OLCC AFFIRMS AUTHORITY TO PROHIBIT MARIJUANA ADULTERANTS
BAN VITAMIN E ACETATE FROM MARIJUANA VAPING PRODUCTS
Portland, OR — At its monthly meeting on November 21, 2019, the Commissioners of the Oregon Liquor Control Commission affirmed the OLCC’s existing authority to ban adulterants, such as Vitamin E acetate, from inclusion in marijuana products. The Commission also approved eight marijuana violation stipulated settlement agreements.
Public health investigators with the US Centers for Disease Control (CDC) have identified Vitamin E acetate as a potential culprit in the national outbreak of vaping illnesses. Forty-two people, including two in Oregon, have died from vaping illnesses. More than 2,100 individuals have been afflicted with the lung injury, including 18 Oregonians.
Previously the OLCC had not expressly allowed or banned Vitamin E acetate from being mixed into marijuana vaping products. Ingredients for marijuana products are already screened as part of the OLCC’s packaging and labeling pre-approval process. The Commission’s action supports both the public health finding and the agency’s ability to ban Vitamin E acetate.
“We’re making it clear that to protect consumer health we will vigorously scrutinize what goes into marijuana products sold in Oregon’s legal marketplace,” said Steve Marks, OLCC Executive Director. “The Commission is taking steps with our regulatory partners to put in place additional consumer safeguards. Just this week we discussed with the legislature establishing a state-run reference lab so that regulators can test marijuana products in an effort to better protect consumers.”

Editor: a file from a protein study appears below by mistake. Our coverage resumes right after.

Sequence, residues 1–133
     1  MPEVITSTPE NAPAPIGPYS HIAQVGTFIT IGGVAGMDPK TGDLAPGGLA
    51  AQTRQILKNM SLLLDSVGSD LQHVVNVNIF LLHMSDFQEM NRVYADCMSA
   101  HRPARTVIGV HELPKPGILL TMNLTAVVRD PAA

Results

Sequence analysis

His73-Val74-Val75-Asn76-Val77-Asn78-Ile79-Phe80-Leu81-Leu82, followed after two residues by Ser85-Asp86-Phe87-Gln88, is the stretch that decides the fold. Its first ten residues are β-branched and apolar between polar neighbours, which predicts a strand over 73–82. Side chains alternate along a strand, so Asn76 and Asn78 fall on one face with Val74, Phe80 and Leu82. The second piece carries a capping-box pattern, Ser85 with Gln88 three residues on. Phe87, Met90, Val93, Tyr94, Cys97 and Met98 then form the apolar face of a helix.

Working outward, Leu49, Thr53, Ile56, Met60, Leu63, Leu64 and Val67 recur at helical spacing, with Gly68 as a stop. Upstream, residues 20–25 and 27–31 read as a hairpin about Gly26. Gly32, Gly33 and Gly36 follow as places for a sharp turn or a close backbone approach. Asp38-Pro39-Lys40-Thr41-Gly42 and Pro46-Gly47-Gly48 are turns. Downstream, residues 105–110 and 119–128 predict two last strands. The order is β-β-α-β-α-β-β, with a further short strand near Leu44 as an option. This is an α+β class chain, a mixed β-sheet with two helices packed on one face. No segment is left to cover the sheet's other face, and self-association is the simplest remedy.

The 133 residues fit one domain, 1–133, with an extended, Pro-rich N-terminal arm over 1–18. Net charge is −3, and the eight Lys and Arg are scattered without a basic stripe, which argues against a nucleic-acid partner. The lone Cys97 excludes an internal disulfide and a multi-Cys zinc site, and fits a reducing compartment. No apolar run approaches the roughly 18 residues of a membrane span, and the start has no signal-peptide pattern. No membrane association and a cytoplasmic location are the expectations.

Under Oregon law, the OLCC can prohibit recreational marijuana licensees from selling a marijuana item that contains “injurious or adulterated” ingredients. See ORS 475B.232(2) for reference.
Under existing OLCC administrative rules “adulterated” is defined to mean in part “a foreign, inferior, poisonous or deleterious ingredient or substance that renders the marijuana item injurious to health. See OAR 845-025-1015(2) for reference. Based upon the CDC finding, the OLCC has determined that Vitamin E acetate is an adulterant.
Vitamin E acetate may continue to be included in non-inhaled marijuana products, such as lotions and edibles, so long as its introduction into those products meets all other OLCC requirements.
Articles from trusted sources that are following this story and investigating the source of the problems:
- Center for Disease Control – Outbreak Details
- Center for Disease Control – Recommendations for the public
- Leafly.com – Vape Illness – What you need to know
- OHA FAQs – Oregon Health Authority FAQs on Oregon incident
Statements from our cartridge producers about their products: